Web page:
An editorial by Wanless (1982), entitled "Sea level is rising - so what?", tells the case of an executive editor of a major city newspaper, who, when confronted with eviÂ dence for a recent sea-level rise, replied: "That just means the ocean is six inches deeper, doesn't it?". Whether his "so what?" attitude was real or put on to dike a threat of sensation, there is at present a wide and deepening interest in ongoing and future global sea-level change. This interest has grown along with the concern over global warming due to increasing levels of C02 and trace gases. A stage has been reached where investigators of climat- sea-level relationships call for long-term measurement programmes for ice-volume changes (using satellite altimetry) and changes in temperature and salinity of the oceans (therÂ mal expansion). This manual, however, is primarily concerned with seaÂ level changes in the past, mainly since the end of the last glaciation. Its major objective is to help answer the quesÂ tion: "how?", which, of course, is little else but to assist in the gathering of fuel for the burning question: "why?" Good fuel, hopefully, for the less smoke and ashes, and the more heat and light produced by that fire, the better scientists are enabled to develop a quantitative underÂ standing of past, and hence of future, sea-level changes on different spatial and temporal scales.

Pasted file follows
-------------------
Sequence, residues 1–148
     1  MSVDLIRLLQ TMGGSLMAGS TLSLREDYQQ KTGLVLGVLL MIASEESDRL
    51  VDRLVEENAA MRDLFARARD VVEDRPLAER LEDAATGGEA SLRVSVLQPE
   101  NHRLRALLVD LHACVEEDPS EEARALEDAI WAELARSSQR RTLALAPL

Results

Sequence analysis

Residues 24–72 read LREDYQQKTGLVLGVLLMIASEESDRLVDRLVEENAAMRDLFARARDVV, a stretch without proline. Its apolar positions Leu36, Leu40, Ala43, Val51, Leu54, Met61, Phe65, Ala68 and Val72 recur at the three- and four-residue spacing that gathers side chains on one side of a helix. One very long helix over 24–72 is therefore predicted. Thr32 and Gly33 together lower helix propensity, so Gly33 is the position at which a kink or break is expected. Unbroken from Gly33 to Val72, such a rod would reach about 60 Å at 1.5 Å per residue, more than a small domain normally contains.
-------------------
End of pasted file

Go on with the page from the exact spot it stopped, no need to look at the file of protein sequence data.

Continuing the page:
A book that goes behind the more official presentations and accounts of research methods to explore the lived experiences, joys and mistakes of a wide range of international researchers principally working in the fields of accounting and finance, but also in management, economics and other social sciences.